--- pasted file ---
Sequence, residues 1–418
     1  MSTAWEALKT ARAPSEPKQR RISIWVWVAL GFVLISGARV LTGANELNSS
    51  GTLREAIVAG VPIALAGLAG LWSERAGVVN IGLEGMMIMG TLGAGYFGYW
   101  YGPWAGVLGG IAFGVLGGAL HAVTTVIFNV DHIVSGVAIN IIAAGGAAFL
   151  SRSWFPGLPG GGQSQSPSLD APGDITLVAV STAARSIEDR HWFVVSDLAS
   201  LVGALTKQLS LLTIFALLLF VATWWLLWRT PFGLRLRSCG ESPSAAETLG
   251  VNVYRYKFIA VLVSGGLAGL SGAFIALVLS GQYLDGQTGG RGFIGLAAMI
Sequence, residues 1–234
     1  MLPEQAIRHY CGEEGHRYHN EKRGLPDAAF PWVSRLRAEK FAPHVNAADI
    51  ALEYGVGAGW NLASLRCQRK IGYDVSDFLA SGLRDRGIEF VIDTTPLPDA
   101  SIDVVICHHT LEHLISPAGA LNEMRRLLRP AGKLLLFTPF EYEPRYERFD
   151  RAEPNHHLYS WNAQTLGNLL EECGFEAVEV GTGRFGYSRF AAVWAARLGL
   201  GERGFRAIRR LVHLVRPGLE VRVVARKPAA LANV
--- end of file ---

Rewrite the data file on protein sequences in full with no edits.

Sequence, residues 1–418
     1  MSTAWEALKT ARAPSEPKQR RISIWVWVAL GFVLISGARV LTGANELNSS
    51  GTLREAIVAG VPIALAGLAG LWSERAGVVN IGLEGMMIMG TLGAGYFGYW
   101  YGPWAGVLGG IAFGVLGGAL HAVTTVIFNV DHIVSGVAIN IIAAGGAAFL
   151  SRSWFPGLPG GGQSQSPSLD APGDITLVAV STAARSIEDR HWFVVSDLAS
   201  LVGALTKQLS LLTIFALLLF VATWWLLWRT PFGLRLRSCG ESPSAAETLG
   251  VNVYRYKFIA VLVSGGLAGL SGAFIALVLS GQYLDGQTGG RGFIGLAAMI
Sequence, residues 1–234
     1  MLPEQAIRHY CGEEGHRYHN EKRGLPDAAF PWVSRLRAEK FAPHVNAADI
    51  ALEYGVGAGW NLASLRCQRK IGYDVSDFLA SGLRDRGIEF VIDTTPLPDA
   101  SIDVVICHHT LEHLISPAGA LNEMRRLLRP AGKLLLFTPF EYEPRYERFD
   151  RAEPNHHLYS WNAQTLGNLL EECGFEAVEV GTGRFGYSRF AAVWAARLGL
   201  GERGFRAIRR LVHLVRPGLE VRVVARKPAA LANV